BioWorld International Correspondent
LONDON — Scientists from around the world who are conducting work on embryonic stem (ES) cells can now be certain, when they try to duplicate one another's research findings, that they are using the same kinds of cells in their experiments.
A collaborative research project known as the International Stem Cell Initiative (ISCI) has completed a survey of the kinds of molecules that are found on the surfaces of various ES cell lines, and of which genes the cells express.
Learning how to manipulate ES cells so that they differentiate into various types of mature cells — insulin-producing pancreatic islet cells to treat diabetes, or dopamine-producing neurons to treat Parkinson's disease, for example — will be vital in the future development of new therapies for many different diseases.
Yet very little has been known to date about the characteristics of the ES cell lines that researchers have been working with, which are estimated to number from 200 to more than 300 worldwide.
The latest study, published in Nature Biotechnology, which reports the characteristics of 59 ES cell lines from 17 different laboratories around the world, fills this gap. The title of the paper is: "Characterization of human embryonic stem cell lines by the International Stem Cell Initiative."
Peter Andrews, co-director of the Centre for Stem Cell Research at the University of Sheffield, UK, told BioWorld International: "We found that the expression of key markers by all the ES cell lines was remarkably similar; there was no evidence of substantially different subgroups of cell lines. This is not to say that there are no differences, however, and there is some anecdotal evidence that some lines differentiate differently to others."
The study also identified a clear set of genes and a set of protein markers that are commonly expressed by the cells. When the cells begin to differentiate, so losing their pluripotency, these genes are switched off.
Andrews said: "We can regard this set of data as a good subset of markers for characterizing the cells in future. It means that if someone in Japan has derived some ES cells and is doing some work on them, everyone will know if they are working with similar cells to someone doing similar work in the Czech Republic, for example."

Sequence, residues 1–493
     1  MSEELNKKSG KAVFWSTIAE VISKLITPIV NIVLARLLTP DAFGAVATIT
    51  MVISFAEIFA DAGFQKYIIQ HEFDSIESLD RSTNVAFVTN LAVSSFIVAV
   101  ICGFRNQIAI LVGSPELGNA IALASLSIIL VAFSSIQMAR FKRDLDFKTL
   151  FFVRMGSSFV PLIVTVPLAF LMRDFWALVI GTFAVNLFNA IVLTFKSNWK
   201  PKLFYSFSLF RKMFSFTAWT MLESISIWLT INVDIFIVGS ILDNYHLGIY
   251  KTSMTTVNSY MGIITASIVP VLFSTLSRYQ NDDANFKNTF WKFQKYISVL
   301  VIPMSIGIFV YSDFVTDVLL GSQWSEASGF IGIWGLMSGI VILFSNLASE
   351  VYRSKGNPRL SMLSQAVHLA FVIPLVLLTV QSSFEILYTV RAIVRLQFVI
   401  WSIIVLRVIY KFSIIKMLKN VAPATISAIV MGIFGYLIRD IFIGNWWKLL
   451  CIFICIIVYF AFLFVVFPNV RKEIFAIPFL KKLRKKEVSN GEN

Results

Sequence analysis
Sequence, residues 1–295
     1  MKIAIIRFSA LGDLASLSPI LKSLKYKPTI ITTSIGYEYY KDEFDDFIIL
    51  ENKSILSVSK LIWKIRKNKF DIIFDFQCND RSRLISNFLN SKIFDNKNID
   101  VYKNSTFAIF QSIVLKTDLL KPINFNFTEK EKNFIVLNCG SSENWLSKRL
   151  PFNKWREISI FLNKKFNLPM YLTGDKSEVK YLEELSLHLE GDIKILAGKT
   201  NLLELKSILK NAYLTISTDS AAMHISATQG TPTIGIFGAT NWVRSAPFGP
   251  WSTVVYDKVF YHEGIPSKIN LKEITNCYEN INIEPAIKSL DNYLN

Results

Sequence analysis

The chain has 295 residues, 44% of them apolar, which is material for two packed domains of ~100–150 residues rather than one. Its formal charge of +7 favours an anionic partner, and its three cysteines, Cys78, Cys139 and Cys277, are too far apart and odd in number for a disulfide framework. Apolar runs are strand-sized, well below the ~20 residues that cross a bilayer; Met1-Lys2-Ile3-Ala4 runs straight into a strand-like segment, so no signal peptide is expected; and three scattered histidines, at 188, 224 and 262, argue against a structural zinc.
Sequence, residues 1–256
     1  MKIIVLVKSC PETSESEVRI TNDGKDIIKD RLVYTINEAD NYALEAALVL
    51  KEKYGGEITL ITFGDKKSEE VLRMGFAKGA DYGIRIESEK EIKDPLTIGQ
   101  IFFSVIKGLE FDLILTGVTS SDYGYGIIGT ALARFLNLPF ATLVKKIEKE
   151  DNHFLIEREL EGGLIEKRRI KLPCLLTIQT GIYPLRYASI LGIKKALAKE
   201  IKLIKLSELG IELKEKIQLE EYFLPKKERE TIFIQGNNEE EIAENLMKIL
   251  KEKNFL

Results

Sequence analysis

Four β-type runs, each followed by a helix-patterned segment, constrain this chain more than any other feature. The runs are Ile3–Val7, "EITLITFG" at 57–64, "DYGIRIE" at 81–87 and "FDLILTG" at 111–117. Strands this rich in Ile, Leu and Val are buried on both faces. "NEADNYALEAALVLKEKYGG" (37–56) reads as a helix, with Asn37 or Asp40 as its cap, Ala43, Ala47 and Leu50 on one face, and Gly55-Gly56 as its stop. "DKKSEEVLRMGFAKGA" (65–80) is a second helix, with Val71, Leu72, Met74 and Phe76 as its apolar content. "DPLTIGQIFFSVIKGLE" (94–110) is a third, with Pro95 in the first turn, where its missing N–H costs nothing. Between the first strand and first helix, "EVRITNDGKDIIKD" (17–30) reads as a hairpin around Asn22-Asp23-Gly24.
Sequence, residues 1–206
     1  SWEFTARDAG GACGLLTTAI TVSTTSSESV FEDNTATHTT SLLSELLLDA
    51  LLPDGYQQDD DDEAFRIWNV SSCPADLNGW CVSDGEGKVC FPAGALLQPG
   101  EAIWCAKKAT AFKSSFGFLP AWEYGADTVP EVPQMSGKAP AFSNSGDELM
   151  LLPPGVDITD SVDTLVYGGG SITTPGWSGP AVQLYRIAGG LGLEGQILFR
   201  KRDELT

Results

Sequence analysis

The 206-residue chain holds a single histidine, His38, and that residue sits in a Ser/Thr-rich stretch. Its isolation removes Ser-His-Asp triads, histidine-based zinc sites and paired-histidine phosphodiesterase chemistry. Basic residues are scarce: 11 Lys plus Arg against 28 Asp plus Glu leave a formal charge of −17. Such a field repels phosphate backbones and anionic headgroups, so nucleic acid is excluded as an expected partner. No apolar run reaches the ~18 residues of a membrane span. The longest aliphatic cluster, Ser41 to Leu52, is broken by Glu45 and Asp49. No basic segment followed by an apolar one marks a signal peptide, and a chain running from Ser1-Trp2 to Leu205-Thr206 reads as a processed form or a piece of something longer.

The ISCI also set up a reference collection of hybridomas that produce the antibodies that can be used to detect some of the markers that characterize the ES cell lines. This collection is now held at the UK Stem Cell Bank at the National Institute of Biological Standards and Control in London (see http://www.ukstemcellbank.org.uk/).
Funding for the ISCI came from the International Stem Cell Forum, an organization that brings together leading agencies that fund stem cell research from many different countries. The forum, which aims to promote best practice in the area of stem cell research, provided £426,000 funding for the project.
One intriguing finding reported in Nature Biotechnology is that some genes in the ES cell lines were consistently expressed by only one allele (in other words, these genes showed imprinting). Yet other genes known to be subject to imprinting varied — sometimes both alleles were being expressed, and sometimes only one allele was expressed.
"This suggests that there is a degree of stability of imprinting in these cells but it is gene specific," Andrews said. "We don't know what this means in biological terms, but it will be an important observation to explore as we go forward."
The International Stem Cell Forum has recently agreed further funding of US$2 million for a project that is being called ISCI2. This will focus on the culture media used to grow cell lines, and the genetic variations that can occur over prolonged periods of growth in vitro. The funding will also help to expand the ES cell registry to include new lines.
Colin Blakemore, who chairs the International Stem Cell Forum and is the chief executive of the UK Medical Research Council, said: "The Forum is committed to stimulating collaborations and providing backbone funding to allow these to flourish. The potential of stem cell research is great. We hope stem cell science will lead to the treatment of all manner of illnesses, from diabetes to multiple sclerosis. By creating this registry and making it freely available, the ISCI will not only be a great resource for scientists across the world, but will set the tone for the collaborative spirit in which we hope research will continue to be carried out, for the benefit of the many, not the few."